Options Thinking RFID Strategy Recommended to Achieve Maximum Long-term ROI

Manufacturing Insights report analyzes the current state of RFID as a supply chain solution, calls for business case to be "living document"

Manufacturing Insights report analyzes the current state of RFID as a supply chain solution, calls for business case to be "living document"

Framingham, MA  August 24, 2005  Manufacturers should focus on the true business value of radio frequency identification (RFID) rather than the cost of compliance, and executives should treat their RFID business case as a living document identifying the company's RFID opportunities (options), according to a new report from technology advisory firm Manufacturing Insights.

The report, "RFID Investment: Cost of Compliance or Strategic Business Benefit?," seeks to educate manufacturers on the current state of RFID initiatives and provide insight on the value of an options thinking RFID investment strategy in place of traditional return on investment (ROI) strategies. In the report, Manufacturing Insights also calls on executives to invest in a scalable RFID platform and empower management with the flexibility to make the needed adjustments to best leverage identified options

The advisory firm believes that the current RFID climate is too overwrought with a sense of urgency (especially in the consumer goods and retail industry) to reap the potential supply chain benefits promised by RFID and comply with the plethora of aggressive mandate timelines. This has forced many manufacturers to implement immature technology in a narrow, compliance-focused scope, the analyst firm said.

Redefining Rules of Engagement

However, according to the manufacturers interviewed for the report, no substitute exists for hands on experience and, while the cost of RFID tags was definitely their greatest short-term concern, long-term issues, further defined in the report, focus on physics, integration and process.

In light of these issues, and the challenges and opportunities they illicit, Manufacturing Insights believes that if RFID is leveraged to its full potential over the next three to five years, it will force companies to redefine the rules of engagement for collaboration, specifically, how supply chain data is exchanged and utilized, increasing operational visibility and providing a clearer picture of available options.

The study also defines and analyzes the potential value of four distinct stages along the RFID lifecycle. While most manufacturers linger in the "compliance" stage and some have graduated to "identification," only a few industry leaders have made progress into the "process" stage, which focuses on end-to-end supply chain integration and transforming both upstream and downstream processes. Manufacturing Insights believes that the true value of RFID lies in the sensor networks of the final stage, "product," postulating that current passive RFID solutions will prove to be the stepping-stone to sensor networks for open end-to-end supply chain applications.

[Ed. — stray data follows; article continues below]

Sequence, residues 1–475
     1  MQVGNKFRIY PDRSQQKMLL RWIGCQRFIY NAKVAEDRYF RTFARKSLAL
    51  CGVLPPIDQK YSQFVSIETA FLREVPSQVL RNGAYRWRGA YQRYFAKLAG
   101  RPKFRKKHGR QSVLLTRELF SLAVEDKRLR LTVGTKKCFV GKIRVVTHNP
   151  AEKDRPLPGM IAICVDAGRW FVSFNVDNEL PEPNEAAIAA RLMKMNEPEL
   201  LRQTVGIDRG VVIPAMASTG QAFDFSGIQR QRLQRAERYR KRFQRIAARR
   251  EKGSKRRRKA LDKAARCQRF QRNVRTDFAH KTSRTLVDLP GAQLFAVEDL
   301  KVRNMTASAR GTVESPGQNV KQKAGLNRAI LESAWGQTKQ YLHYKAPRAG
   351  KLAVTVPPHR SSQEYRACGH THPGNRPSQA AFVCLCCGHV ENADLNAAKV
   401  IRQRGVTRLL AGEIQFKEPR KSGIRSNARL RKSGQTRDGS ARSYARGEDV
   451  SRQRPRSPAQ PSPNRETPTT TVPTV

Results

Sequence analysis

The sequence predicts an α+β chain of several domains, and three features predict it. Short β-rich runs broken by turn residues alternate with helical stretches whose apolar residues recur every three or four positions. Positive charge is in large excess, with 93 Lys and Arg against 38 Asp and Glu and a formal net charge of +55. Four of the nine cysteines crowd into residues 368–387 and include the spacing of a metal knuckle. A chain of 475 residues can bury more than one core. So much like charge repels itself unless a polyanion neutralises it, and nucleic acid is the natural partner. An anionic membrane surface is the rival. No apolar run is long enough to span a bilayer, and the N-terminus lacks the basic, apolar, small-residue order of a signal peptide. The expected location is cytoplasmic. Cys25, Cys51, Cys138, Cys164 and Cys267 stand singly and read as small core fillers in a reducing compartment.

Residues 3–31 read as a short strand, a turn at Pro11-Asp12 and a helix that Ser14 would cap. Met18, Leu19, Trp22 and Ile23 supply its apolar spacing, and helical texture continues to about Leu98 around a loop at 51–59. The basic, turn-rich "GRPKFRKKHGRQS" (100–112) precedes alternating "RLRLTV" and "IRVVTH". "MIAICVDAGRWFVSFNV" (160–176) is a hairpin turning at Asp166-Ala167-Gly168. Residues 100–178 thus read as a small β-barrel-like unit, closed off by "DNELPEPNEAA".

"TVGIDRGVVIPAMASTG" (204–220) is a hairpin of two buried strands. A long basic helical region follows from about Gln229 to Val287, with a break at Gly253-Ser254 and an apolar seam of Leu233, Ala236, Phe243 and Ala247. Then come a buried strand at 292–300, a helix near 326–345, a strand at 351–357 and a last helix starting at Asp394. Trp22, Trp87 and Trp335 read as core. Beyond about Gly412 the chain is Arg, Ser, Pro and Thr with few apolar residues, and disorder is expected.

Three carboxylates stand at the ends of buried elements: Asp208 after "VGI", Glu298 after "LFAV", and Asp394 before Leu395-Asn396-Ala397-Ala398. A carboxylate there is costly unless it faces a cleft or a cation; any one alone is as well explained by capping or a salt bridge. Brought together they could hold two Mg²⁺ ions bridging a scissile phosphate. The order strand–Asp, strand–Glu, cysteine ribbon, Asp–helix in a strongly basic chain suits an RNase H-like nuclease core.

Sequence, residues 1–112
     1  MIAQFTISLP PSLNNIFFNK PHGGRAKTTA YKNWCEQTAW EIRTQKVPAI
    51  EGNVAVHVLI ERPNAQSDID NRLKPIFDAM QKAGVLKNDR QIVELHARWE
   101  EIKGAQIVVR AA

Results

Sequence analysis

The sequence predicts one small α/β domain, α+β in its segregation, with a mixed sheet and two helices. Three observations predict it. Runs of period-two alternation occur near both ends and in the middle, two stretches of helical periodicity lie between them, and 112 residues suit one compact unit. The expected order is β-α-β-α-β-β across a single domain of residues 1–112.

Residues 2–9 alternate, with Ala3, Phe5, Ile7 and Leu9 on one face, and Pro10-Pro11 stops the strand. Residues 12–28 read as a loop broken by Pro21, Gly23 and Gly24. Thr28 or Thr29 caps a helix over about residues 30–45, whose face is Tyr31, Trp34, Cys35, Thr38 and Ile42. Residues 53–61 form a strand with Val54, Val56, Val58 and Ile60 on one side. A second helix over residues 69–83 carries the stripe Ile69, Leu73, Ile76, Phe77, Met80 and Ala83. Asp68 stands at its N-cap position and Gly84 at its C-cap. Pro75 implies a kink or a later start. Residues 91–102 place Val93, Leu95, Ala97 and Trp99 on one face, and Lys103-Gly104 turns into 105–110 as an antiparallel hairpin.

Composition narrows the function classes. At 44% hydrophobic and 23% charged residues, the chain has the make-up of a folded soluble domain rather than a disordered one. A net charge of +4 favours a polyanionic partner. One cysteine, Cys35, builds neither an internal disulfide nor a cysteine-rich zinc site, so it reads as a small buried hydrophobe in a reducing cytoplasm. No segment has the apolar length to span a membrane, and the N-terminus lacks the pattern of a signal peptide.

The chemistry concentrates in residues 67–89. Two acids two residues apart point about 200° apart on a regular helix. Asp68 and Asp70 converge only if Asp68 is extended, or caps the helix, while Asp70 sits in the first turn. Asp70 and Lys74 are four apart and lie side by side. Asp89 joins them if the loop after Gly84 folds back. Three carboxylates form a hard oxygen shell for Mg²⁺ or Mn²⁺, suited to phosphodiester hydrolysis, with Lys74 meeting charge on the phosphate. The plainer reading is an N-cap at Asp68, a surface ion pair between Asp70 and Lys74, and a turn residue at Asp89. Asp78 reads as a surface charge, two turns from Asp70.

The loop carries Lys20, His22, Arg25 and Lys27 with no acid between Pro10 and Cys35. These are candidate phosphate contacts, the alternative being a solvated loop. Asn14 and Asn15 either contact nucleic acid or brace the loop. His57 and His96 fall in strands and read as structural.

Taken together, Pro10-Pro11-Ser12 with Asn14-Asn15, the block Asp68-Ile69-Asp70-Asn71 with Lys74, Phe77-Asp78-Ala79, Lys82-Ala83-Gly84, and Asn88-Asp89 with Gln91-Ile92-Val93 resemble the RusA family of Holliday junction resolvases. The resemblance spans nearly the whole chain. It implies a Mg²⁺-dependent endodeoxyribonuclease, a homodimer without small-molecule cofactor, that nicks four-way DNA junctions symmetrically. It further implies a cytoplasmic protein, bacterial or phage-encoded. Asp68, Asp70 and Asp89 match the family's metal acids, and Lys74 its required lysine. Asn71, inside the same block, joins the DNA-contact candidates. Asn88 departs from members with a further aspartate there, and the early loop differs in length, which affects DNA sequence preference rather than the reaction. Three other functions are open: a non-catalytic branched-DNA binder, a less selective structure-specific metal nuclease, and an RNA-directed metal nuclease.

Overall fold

Options Thinking IT Investment Strategy

With all of the uncertainty and risk factors that exist with RFID today, Manufacturing Insights worked with Dr. Robert Fichman, an associate professor at Boston College's Wallace E. Carroll School of Management, to define and introduce the options thinking IT investment strategy to replace traditional ROI strategy when evaluating RFID technology. Key points include:

  1. Recognize and Create Options for RFID Investment: Companies must employ a needs-focused analysis of business processes, systems architecture and resource capabilities to identify all organizational options available, as well as existing risk factors and uncertainties.

  2. Value the Options: Companies must place a systematic, accepted value on each identified option.

  3. Extract Value From IT Project Options: Companies need to establish checkpoints to manage the options approach successfully.
"Waiting for RFID to become 100 percent proven, understood and standardized may seem to be a safe decision on the surface, but it's a losing strategy," said Mike Witty, program director for demand management strategies at Manufacturing Insights. "In general, companies have focused too much on the cost of compliance and not enough on the business value of RFID. Organizations that develop a comprehensive RFID strategy extending beyond mandate compliance will be poised to gain a competitive advantage once the dust settles from the early pilot projects."

In addition, Manufacturing Insights asserts that companies should create a RFID program management office (PMO) before developing an RFID strategy. The report also offers guidance for the PMO's charter creation.

The full report is available through Manufacturing Insights.

Additional Articles of Interest

 To go the distance in business you need to take a disciplined approach. Supply & Demand Chain Executive offers key best practices for making your supply chain hum in the article "7 Habits of Highly Efficient Supply & Demand Chains," the cover story in the April/May 2005 issue of the magazine, featuring an interview with supply chain guru Jim Tompkins of Tompkins Associates.

 Is your company getting the most from its supply management function? For a step-by-step look at how to phase in a successful "end-to-end" supply management strategy, read the article "Roadmap to a Comprehensive Supply Management Strategy," an In Depth article on SDCExec.com.

 In order to perform on a world-class level, companies must redesign the supply and service chains to meet market demands. Dramatic changes are in order. Read more in the SDCExec.com article "Leveraging Supply Chain Logistics: Get Physical and Agile."